‘Lost’ Sighting of Brightest Supernova Found in Ancient Text
Newly translated writings from Arab scholars offer intriguing details about SN 1006, the brightest star explosion in recorded history.
It was a sky show for the record books—a brilliant new star that appeared without warning in April of the year A.D. 1006 and then gradually faded from view a few months later. At its peak, the celestial wonder was reportedly brighter than the planet Venus, even though it was blazing about 7,200 light-years away.
Witnesses describe the event in texts from Asia, the Middle East, and Europe and maybe even in North American petroglyphs. Thanks to these diverse notes, modern astronomers know that this “guest star” was really a supernova, a cosmic explosion called SN 1006.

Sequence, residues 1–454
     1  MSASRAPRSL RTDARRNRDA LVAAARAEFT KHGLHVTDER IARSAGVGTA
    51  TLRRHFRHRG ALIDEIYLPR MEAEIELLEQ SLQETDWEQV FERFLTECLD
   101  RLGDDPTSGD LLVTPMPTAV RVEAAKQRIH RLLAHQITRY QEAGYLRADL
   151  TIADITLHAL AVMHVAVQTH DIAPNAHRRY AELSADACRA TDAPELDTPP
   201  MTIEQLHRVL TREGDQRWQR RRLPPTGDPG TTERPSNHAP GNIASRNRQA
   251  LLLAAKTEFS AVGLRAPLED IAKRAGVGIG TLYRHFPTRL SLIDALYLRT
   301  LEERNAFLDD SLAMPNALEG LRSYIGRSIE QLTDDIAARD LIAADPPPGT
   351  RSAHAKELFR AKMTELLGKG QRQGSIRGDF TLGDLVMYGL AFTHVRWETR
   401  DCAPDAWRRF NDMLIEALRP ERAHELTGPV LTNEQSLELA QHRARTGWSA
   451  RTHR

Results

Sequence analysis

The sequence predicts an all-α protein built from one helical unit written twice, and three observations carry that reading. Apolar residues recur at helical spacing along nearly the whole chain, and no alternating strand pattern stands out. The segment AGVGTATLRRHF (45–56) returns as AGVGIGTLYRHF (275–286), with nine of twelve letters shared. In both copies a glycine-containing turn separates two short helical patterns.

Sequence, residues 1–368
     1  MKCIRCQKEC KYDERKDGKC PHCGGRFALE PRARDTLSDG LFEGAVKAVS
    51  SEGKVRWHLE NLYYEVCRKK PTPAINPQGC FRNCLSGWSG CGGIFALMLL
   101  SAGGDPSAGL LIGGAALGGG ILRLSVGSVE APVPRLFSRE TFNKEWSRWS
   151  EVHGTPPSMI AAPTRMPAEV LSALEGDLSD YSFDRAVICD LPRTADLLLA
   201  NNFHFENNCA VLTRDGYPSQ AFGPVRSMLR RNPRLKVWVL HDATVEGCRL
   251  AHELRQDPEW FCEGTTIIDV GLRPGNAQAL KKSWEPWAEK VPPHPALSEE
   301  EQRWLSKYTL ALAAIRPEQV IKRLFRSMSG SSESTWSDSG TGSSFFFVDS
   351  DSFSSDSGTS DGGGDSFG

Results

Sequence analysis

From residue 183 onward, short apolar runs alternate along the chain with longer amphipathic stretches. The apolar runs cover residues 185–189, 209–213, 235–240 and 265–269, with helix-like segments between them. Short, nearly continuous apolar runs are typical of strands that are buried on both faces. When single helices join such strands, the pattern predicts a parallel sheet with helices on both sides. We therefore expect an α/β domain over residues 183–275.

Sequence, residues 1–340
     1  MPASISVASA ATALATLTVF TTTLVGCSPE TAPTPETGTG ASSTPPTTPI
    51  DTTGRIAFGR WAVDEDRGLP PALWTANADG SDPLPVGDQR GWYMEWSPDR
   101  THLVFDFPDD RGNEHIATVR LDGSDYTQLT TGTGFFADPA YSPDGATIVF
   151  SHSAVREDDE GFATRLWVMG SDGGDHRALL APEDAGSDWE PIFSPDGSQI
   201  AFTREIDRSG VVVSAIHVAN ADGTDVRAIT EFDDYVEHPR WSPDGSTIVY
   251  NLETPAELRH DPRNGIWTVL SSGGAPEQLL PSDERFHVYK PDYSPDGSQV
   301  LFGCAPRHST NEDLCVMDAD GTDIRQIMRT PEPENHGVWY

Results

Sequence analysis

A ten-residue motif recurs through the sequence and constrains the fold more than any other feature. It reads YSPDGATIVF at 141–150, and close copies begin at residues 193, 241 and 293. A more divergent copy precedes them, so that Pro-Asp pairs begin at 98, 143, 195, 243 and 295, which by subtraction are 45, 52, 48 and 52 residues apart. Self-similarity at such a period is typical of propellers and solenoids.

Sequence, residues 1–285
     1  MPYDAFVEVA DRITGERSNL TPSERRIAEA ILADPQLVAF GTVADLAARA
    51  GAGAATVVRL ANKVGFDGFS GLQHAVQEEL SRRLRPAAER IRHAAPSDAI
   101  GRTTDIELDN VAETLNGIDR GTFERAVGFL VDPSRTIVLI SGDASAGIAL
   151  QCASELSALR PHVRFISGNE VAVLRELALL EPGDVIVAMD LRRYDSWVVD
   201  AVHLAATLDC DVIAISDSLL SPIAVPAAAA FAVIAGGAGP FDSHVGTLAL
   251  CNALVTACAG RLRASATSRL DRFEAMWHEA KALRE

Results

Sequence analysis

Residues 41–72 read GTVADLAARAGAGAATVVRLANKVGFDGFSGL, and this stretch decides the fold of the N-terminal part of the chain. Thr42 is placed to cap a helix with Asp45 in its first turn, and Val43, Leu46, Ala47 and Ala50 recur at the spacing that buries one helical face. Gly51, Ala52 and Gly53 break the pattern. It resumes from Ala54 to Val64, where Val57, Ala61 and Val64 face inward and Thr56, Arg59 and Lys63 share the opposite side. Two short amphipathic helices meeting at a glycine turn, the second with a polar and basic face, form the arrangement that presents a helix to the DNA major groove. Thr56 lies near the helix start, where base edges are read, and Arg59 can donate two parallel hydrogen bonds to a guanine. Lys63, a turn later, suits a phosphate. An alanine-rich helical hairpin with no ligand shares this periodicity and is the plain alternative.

Now, astronomers digging through ancient texts have found two lost records of the event that add a twist to the tale of the brightest supernova in recorded history.
One section of his multipart opus Kitab al-Shifa, or “Book of Healing,”